Access to Medicine Index: Critical tool for investors

Pharmaceutical companies have been receiving some bad press in the United States for unprecedented price increases of life savings drugs. Given the difficulty for people in this country to afford these medicines, imagine how much more difficult it must be for citizens of nations where even basic medicines are a challenge to obtain. An important tool

The Access to Medicine Foundation, an international nonprofit organization based in the Netherlands, is dedicated to improving access to medicine for people in need. Their award-winning initiative called the Access to Medicine Index (ATMI), launched in 2008 ranks the world’s 20 largest research-based pharmaceutical companies according to their efforts to improve access to medicine in low- to middle-income countries. The 2016 edition of the ATMI can be found here.

2016 ATMI rankings

The ATMI assesses how companies perform in the following areas: management of access to their medicine; market influence and compliance; research and development; pricing, manufacturing and distribution; patents and licensing; capacity building; and product donation. By comparing companies to one another, the ATMI aims to stimulate pharmaceutical companies to play a bigger role in addressing the challenges of access to medicine in developing countries and to offer them insight into the activities of their peers. As well, the ATMI seeks to create a platform for stakeholders from the pharmaceutical industry, governments, investors, civil society, patient organizations and academia to gather and form a common view of how these pharmaceutical companies can make further progress.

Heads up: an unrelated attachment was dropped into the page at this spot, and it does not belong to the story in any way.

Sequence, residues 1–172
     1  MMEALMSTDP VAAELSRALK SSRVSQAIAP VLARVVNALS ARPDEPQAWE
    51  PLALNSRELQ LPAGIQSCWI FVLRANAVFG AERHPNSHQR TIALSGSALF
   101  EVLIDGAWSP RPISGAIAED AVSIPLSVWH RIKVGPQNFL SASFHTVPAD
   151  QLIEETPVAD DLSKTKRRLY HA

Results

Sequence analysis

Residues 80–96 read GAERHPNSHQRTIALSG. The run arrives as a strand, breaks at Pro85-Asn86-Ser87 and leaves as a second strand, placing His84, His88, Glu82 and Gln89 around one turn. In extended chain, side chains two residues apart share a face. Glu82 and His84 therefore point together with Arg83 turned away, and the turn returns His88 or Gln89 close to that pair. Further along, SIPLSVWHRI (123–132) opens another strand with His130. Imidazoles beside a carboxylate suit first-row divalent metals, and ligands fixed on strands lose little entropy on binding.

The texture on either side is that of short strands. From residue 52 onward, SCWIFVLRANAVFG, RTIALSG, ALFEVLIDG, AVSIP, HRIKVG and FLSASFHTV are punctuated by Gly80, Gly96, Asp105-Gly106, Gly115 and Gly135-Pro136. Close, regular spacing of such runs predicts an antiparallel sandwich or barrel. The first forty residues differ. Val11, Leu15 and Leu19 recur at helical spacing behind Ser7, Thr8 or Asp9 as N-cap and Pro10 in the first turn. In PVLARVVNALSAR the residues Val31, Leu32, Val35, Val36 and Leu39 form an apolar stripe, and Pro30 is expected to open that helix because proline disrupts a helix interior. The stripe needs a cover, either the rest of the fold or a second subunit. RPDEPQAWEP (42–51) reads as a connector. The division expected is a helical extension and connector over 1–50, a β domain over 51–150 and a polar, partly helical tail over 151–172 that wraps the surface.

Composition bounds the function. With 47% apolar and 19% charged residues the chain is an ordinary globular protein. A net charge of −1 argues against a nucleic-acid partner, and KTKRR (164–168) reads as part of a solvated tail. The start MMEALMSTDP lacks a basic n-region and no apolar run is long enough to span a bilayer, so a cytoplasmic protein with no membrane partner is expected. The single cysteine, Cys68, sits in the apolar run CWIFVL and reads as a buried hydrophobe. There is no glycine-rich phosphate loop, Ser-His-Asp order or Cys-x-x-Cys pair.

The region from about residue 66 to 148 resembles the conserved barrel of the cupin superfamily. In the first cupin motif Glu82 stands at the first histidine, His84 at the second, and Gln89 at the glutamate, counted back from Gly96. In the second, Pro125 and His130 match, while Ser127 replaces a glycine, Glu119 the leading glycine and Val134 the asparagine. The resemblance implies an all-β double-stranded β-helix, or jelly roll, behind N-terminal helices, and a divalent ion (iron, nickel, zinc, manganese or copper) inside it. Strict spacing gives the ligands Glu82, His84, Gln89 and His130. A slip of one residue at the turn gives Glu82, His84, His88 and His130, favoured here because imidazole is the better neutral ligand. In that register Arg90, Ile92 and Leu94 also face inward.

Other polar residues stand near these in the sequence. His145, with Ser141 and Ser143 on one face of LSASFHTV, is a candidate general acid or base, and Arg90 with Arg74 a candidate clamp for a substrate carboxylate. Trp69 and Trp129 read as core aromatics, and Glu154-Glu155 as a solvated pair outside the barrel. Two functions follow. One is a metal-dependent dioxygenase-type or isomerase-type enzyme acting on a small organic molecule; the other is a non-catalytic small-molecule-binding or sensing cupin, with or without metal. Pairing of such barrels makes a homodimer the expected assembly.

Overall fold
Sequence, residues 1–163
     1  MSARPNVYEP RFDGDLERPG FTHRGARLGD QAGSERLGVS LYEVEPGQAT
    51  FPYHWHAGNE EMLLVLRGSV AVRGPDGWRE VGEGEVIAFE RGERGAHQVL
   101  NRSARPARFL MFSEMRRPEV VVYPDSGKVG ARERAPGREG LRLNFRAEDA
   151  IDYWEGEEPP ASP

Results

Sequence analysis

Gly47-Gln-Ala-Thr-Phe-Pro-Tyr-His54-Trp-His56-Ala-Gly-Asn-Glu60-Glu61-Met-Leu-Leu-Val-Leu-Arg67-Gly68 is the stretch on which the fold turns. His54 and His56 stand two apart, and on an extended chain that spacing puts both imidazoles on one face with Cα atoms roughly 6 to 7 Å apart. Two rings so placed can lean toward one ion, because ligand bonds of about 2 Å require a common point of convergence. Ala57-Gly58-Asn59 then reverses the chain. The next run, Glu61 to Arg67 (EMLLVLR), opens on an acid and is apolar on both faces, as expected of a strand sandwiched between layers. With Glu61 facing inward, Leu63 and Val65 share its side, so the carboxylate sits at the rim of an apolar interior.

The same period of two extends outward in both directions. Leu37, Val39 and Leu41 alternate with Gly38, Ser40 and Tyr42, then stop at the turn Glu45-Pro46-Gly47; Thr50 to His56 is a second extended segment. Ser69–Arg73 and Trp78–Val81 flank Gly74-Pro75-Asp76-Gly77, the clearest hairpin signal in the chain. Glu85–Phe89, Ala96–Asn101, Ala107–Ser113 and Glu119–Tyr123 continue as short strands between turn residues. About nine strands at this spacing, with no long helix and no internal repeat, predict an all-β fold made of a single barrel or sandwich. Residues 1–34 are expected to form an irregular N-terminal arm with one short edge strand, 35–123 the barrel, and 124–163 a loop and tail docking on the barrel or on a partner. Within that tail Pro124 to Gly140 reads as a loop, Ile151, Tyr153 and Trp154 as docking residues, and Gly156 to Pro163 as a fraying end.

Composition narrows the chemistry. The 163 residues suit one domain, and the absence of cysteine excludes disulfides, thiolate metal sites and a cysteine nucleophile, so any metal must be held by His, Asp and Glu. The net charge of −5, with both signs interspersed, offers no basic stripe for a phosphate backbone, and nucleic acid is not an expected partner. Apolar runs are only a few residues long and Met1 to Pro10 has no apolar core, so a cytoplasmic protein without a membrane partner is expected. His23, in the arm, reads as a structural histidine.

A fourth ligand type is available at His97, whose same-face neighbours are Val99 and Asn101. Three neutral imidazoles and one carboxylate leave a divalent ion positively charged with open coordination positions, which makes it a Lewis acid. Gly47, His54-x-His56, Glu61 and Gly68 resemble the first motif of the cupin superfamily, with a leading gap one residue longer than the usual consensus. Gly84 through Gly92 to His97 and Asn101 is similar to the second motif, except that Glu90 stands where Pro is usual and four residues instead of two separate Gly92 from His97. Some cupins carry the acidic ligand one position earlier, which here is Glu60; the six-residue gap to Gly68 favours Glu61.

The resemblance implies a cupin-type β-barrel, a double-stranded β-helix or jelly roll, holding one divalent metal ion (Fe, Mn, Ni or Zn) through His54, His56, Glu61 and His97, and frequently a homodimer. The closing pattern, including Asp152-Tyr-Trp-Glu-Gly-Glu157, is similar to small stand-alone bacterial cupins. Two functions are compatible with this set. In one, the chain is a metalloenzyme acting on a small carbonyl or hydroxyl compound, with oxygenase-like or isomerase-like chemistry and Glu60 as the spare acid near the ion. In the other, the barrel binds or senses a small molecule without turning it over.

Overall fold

For us at SGI, the ATMI, and the work behind it, is incredibly valuable. I was a part of a recent conversation with staff from the Access to Medicine Foundation and can only salute the foundation’s transparency, its openness to input from stakeholders, its solid research, and its contribution to making the pharmaceutical industry better serve the poor. As credible third party research, the ATMI helps us work toward important goals in our dialogues with pharmaceutical companies.

SGI is deeply committed to its work in health. The late Fr. Mike Crosby, O.F.M., Cap. was a pioneer in engagement with tobacco companies. Today, Marty Roers continues the work in tobacco for the Sisters of St. Joseph of Carondolet.  Sr. Judy Sinnwell, O.S.F. (Sisters of St. Francis of Dubuque) engages several pharmaceutical companies on the affordability of medicine. Ann Roberts at Dana Investment Advisors, Inc. and Fr. Robert Wotypka, O.F.M., Cap. (of the Capuchin Franciscan Province of St. Joseph) are also engaged with companies on drug pricing.

To learn more about the ATMI:

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